Covering the White House

  • Kirsten Ballard
  • 04.20.2016

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When Michael McCurry worked as White House Press Secretary, he said social media was taking the reporters out for drinks.

A few terms later, it was a different world for Jeff Carney who served as White House Press Secretary for President Obama from 2008 to 2014. It was the first digital savvy White House.

At mediaXchange 2016, Carney and McCurry were joined by Susan Page, Washington Bureau Chief of USA TODAY in the session “Covering the White House,” moderated by Chris Cillizza, Political Reporter of The Washington Post.

In the time between McCurry’s White House and Carney’s White House, it became a world where the President was talking to YouTube stars and appearing in Buzzfeed articles instead of traditional news formats. Press conferences blindsided the staff with minute-by-minute Twitter updates and the news cycle turned over in minutes. Carney said the hardest interview for President Obama was with Jon Stewart on late-night TV.

“The President of the United States could give a speech in the middle of the day and 95 percent of Americans would miss it, and it could be an important speech,” Carney said.

He says the biggest trick is learning what matters and what doesn’t, in real time.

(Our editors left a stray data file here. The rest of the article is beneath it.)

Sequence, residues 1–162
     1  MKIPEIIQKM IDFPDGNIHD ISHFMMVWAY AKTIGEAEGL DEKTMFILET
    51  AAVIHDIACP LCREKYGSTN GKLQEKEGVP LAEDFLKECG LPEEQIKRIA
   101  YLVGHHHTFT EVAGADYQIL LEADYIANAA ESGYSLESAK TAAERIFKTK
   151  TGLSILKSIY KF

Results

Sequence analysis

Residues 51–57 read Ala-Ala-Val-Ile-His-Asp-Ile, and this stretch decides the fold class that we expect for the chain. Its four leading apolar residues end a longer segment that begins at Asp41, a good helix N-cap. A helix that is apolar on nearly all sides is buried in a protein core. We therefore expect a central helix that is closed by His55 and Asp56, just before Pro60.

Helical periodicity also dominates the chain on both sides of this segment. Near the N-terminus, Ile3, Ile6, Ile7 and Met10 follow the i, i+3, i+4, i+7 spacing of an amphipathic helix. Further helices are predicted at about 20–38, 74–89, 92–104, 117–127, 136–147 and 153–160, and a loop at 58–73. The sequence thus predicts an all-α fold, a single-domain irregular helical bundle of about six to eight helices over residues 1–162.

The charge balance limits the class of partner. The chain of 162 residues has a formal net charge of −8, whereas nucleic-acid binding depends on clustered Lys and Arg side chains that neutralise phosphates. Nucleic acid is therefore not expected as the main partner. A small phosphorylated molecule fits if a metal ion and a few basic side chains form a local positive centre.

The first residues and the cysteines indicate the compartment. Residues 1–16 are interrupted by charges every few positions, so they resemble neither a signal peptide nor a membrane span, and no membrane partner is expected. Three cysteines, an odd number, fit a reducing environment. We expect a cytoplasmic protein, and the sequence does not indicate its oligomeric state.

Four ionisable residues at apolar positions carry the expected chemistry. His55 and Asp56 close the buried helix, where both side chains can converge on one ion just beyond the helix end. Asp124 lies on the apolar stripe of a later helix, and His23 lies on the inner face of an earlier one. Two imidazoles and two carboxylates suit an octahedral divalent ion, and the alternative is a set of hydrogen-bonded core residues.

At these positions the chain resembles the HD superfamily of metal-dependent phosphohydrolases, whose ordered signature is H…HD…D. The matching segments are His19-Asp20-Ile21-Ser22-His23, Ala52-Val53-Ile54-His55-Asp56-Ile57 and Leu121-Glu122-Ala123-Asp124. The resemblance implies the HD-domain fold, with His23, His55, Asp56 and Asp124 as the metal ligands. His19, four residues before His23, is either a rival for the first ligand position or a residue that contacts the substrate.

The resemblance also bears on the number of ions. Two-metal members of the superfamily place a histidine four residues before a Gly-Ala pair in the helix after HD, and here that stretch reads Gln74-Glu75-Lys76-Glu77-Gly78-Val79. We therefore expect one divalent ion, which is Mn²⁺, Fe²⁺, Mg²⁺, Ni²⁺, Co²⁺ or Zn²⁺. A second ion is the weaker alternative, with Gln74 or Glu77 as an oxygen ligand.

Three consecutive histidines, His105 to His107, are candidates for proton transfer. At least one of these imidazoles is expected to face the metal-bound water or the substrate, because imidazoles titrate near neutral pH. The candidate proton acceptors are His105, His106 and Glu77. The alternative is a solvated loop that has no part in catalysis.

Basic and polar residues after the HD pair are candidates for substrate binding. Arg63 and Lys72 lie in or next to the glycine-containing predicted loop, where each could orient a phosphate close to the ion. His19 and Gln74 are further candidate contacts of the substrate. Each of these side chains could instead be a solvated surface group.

For Page, this constant news cycle means continuous reporting, having to be faster at telling a story, telling it differently and applying context to it all at the same time.

“You do that all day, instantly,” she said.

In the days before social media, it was one story line, one narrative per day.

“It would be one White House was trying to get out in front of the public or one the media decided was more important,” McCurry said. “Maybe there are more messages that the American public needs to absorb.”

When McCurry became White House Press Secretary, he says the press meetings were not broadcast. He changed that.

“It was a mistake,” he said. “I allowed the thing to be televised, then the Monica thing in ‘98 made it a substitute for daytime soap operas.”

Now the press meetings are competitive, aggressive and full of “gotcha” questions.

At the conference, the Press Secretaries and the reporters were at odds about access. Should the White House tweet out photos that journalists were not able to have access to?

Carney says it would be malpractice for a White House to have access to social media and technology and not take advantage of it. Page rebutted that the White House was denying opportunity.

“The issue is, do you let news photographers into events that they’ve typically been able to photograph because they’re journalists too,” she said.

McCurry suggests there might be a balance. He wants to see a change from the competition and trying to get the scoop.

“Do not worry about scoop and speed,” he said. “Speed needs to be replaced with substance and depth.”


  • Kirsten Ballard
Kirsten is the Social Media and Blog Editor at the News Media Alliance.